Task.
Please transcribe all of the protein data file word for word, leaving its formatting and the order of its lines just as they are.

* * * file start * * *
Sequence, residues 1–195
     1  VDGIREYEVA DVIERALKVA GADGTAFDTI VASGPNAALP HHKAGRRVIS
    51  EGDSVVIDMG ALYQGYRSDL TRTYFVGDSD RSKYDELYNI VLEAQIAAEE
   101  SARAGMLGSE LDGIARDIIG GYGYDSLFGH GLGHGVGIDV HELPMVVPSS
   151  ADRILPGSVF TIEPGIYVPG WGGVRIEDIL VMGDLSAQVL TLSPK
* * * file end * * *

Sequence, residues 1–195
     1  VDGIREYEVA DVIERALKVA GADGTAFDTI VASGPNAALP HHKAGRRVIS
    51  EGDSVVIDMG ALYQGYRSDL TRTYFVGDSD RSKYDELYNI VLEAQIAAEE
   101  SARAGMLGSE LDGIARDIIG GYGYDSLFGH GLGHGVGIDV HELPMVVPSS
   151  ADRILPGSVF TIEPGIYVPG WGGVRIEDIL VMGDLSAQVL TLSPK